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Capital

Capital

Money that one has invested. For example, one uses capital when building a factory to make a new product. Likewise, one uses capital when one buys a single share of a stock. Free flow of capital into investments is thought to be a major component of economic growth. Generally speaking, businesses can only expand when they are able to raise capital from investors or borrow it from a bank or through a bond issue. See also: Capitalization, Capitalism.

Capital.

Capital is money that is used to generate income or make an investment. For example, the money you use to buy shares of a mutual fund is capital that you're investing in the fund.

Companies raise capital from investors by selling stocks and bonds and use the money to expand, make acquisitions, or otherwise build the business.

The term capital markets refers to the physical and electronic environments where this capital is raised, either through public offerings or private placements.

capital

  1. the funds invested in a BUSINESS in order to acquire the ASSETS which the business needs to trade. Capital can consist of SHARE CAPITAL subscribed by SHAREHOLDERS or LOAN CAPITAL provided by lenders.
  2. GOODS such as plant, machinery and equipment which are used to produce other goods and services. See CAPITAL STOCK, INVESTMENT.

capital

the contribution to productive activity made by INVESTMENT in physical capital (for example, factories, offices, machinery, tools) and in HUMAN CAPITAL (for example, general education, vocational training). Capital is one of the three main FACTORS OF PRODUCTION, the other two being LABOUR and NATURAL RESOURCES. Physical (and human) capital make a significant contribution towards ECONOMIC GROWTH. See CAPITAL FORMATION, CAPITAL STOCK, CAPITAL WIDENING, CAPITAL DEEPENING, GROSS FIXED CAPITAL FORMATION, CAPITAL ACCUMULATION.

capital

(1) In architecture, the top part of a column.(2) In finance: (a) All the accumulated goods, possessions, and assets used for the production of income and wealth. (b) The amount invested in business.
References in periodicals archive ?
Travellers transporting goods along the Grand Canal, which linked the rich revenue-producing provinces of south China to the capital in Beijing, faced armed robbers, extortionists, and swindlers as they passed through the Capital Region.
As the principal capital of the Ming dynasty, Beijing was at the center of the enormous political, ritual, military, and economic resources associated with the throne.
How are we to explain the rampant banditry in the Capital Region during the middle Ming period?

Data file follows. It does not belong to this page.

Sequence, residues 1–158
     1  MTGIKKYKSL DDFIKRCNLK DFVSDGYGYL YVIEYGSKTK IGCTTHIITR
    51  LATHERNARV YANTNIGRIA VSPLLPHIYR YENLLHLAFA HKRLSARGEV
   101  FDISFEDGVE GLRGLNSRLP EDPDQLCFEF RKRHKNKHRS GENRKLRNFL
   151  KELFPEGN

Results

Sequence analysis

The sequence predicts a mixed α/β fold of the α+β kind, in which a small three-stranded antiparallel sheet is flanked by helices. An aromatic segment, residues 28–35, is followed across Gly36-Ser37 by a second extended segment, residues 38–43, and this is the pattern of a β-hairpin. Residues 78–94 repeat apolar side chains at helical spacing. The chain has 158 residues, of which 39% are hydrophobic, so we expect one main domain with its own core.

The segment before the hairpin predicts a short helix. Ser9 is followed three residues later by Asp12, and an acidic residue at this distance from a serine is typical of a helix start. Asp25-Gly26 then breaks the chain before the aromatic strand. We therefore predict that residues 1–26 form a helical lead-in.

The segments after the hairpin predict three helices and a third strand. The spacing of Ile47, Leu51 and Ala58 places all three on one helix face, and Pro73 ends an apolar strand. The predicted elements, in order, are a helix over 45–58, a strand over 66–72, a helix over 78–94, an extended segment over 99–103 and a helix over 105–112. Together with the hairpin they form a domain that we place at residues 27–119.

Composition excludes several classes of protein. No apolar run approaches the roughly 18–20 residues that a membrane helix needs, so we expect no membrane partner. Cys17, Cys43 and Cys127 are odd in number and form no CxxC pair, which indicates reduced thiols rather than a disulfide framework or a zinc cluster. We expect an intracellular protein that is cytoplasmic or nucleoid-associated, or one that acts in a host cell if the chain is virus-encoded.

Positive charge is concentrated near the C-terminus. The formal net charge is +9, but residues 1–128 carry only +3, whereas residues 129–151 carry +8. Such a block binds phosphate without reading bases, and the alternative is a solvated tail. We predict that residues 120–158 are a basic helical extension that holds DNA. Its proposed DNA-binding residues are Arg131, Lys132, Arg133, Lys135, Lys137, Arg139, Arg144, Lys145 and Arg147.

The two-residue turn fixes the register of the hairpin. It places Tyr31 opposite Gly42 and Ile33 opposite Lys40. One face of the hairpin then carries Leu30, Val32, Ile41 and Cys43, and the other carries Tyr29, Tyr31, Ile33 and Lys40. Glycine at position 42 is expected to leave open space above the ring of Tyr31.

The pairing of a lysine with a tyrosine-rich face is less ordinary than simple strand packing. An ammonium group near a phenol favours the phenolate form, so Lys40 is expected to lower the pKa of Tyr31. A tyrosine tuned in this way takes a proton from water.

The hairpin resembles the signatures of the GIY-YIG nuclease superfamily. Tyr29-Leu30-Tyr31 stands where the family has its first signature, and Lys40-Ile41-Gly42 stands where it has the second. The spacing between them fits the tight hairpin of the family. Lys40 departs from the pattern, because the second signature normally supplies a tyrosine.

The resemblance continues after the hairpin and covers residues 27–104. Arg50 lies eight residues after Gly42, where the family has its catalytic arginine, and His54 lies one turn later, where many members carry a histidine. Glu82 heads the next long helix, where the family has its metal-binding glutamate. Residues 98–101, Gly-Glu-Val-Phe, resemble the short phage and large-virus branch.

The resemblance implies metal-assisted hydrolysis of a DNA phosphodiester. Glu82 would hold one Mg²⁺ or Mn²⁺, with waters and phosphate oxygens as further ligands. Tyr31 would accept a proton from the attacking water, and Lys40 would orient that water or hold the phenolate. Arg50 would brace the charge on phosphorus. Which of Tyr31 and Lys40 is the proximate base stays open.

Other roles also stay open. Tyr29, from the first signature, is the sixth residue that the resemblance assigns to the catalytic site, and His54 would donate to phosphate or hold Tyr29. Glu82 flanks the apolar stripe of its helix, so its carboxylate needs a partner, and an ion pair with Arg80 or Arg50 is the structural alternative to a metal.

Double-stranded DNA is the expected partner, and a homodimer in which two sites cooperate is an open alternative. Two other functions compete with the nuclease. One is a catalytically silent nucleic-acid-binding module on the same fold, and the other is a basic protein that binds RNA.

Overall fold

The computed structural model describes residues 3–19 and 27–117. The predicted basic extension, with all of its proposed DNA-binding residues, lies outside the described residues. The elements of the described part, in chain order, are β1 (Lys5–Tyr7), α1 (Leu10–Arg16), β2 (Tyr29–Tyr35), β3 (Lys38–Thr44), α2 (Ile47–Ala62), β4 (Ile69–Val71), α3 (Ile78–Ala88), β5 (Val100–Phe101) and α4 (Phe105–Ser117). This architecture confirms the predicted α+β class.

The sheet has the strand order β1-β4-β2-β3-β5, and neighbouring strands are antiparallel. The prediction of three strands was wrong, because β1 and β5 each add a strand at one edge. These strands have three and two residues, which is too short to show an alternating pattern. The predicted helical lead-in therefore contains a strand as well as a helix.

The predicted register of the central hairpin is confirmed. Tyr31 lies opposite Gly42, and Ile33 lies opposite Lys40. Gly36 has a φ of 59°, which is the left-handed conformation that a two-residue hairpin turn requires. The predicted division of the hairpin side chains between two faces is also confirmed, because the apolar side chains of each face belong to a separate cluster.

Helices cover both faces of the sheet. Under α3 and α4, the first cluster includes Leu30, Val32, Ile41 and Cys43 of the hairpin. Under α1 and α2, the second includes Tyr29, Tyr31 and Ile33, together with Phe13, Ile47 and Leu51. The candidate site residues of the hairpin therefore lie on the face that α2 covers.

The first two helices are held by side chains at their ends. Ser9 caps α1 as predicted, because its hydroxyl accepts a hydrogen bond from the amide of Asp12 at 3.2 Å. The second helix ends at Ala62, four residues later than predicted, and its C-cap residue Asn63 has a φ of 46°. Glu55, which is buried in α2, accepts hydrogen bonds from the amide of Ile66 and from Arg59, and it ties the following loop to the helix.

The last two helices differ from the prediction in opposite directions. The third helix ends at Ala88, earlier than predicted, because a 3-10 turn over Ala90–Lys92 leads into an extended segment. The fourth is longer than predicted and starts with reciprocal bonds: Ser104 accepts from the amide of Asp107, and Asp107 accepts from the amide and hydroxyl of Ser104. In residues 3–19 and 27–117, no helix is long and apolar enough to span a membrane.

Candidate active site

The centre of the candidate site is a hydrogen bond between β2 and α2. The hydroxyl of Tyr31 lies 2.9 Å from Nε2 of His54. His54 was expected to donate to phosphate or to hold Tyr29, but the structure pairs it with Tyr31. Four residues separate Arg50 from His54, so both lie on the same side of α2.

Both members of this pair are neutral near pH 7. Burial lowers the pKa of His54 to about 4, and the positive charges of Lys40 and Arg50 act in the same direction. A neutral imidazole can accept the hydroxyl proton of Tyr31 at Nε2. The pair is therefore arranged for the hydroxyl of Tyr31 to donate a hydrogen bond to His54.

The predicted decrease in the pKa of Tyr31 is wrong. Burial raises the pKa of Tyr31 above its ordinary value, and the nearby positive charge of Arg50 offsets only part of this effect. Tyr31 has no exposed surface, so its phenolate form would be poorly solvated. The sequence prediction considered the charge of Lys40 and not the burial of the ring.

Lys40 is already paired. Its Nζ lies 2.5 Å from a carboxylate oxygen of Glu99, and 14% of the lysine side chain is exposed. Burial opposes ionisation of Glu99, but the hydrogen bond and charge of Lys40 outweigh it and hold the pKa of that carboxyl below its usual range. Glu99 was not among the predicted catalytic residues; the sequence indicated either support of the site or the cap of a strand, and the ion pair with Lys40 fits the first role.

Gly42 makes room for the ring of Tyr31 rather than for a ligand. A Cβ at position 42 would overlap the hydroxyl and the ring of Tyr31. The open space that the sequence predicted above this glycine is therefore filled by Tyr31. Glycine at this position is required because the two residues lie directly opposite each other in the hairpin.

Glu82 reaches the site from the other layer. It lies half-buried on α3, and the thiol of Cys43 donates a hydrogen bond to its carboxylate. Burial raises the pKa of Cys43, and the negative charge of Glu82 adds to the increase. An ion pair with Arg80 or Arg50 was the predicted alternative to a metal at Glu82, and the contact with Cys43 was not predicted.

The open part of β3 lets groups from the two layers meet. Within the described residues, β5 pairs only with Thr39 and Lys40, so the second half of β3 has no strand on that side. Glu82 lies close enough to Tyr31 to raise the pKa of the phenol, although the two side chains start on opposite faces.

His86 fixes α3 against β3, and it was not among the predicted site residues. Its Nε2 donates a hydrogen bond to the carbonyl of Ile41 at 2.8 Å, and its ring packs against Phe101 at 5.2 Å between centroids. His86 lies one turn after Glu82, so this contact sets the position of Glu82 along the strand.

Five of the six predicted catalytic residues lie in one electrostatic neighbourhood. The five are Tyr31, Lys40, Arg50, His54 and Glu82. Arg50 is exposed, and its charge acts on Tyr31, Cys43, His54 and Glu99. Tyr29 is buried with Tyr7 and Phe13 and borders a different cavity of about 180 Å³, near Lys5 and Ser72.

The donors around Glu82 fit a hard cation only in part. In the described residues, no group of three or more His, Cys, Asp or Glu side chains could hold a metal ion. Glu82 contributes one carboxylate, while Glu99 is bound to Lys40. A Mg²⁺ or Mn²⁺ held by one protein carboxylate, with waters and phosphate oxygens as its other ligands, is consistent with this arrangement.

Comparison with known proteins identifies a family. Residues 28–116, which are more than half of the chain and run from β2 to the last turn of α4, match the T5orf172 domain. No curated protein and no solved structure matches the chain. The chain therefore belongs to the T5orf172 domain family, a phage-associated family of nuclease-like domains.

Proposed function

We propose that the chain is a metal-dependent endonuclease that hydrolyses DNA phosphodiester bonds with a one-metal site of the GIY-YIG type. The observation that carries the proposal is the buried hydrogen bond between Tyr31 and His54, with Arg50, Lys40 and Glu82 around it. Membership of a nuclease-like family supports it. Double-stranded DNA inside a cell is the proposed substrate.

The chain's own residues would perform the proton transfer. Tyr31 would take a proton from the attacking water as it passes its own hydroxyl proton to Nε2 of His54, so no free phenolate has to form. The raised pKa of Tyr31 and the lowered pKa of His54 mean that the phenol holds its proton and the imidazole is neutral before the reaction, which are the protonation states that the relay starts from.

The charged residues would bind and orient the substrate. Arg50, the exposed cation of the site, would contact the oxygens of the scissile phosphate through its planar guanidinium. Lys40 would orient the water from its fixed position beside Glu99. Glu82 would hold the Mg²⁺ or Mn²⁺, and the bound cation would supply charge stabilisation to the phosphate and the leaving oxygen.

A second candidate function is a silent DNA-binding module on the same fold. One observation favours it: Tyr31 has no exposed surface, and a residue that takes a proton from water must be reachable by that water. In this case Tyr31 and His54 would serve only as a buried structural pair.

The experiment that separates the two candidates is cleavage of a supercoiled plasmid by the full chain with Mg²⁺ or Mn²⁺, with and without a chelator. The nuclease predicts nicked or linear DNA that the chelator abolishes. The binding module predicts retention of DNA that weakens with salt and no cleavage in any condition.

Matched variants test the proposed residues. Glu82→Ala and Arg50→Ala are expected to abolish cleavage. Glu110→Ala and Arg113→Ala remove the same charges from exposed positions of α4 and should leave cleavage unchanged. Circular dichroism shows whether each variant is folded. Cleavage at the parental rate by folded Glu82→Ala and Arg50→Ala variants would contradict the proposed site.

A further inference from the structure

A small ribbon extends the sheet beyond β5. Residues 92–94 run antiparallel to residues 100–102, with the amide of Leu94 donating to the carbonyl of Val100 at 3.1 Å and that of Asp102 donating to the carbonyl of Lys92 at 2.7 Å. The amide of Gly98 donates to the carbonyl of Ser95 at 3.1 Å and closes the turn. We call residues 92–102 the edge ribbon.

The Veritable Records were imperially compiled annals with almost daily entries, sometimes multiple entries for each day, comprised of reports from officials in the field and in the capital ministries.
Recently banditry in and around the capital has become rampant.
Mounted banditry continued to be a high-profile crime in the capital region during the first quarter of the sixteenth century, with major outbreaks in 1509-1510,1518, and 1521.
If brigands seemed drawn to Beijing proper, they were also active in many of the entrepots surrounding the capital. Located at the northern terminus of the Grand Canal a dozen miles east of Beijing, Tongzhou was a thriving city during the Ming, boasting specialized markets, periodic markets, and inns "everywhere." [29] It was also the site of critical imperial rice granaries that supplied the capital.
For instance, in May of 1466, banditry rendered the roads to Beijing impassable, thus severing the capital's supply of rice and sending grain prices spiralling.
In response, imperial military personnel were dispatched: four commanders, chiliarchs, and centurions from the capital were each given 30 skilled cavalry troops to patrol trouble spots around Liangxiang.
It is very likely that less savory members of the Capital Region were also attracted to the excitement of the Medicine King Temple fair.
Gangs of young toughs and beggars were frequently encountered, [38] and are variously reported to have beaten people, extorted goods, swindled merchants and travellers, and even to have seized grain shipments from soldiers delivering rice to the capital. [39]
An October report of 1471 gives some indication of the difficulties in transporting goods to the capital. When the Grand Canal froze during the winter months, those delivering grain and goods from the south were forced to resort to overland delivery.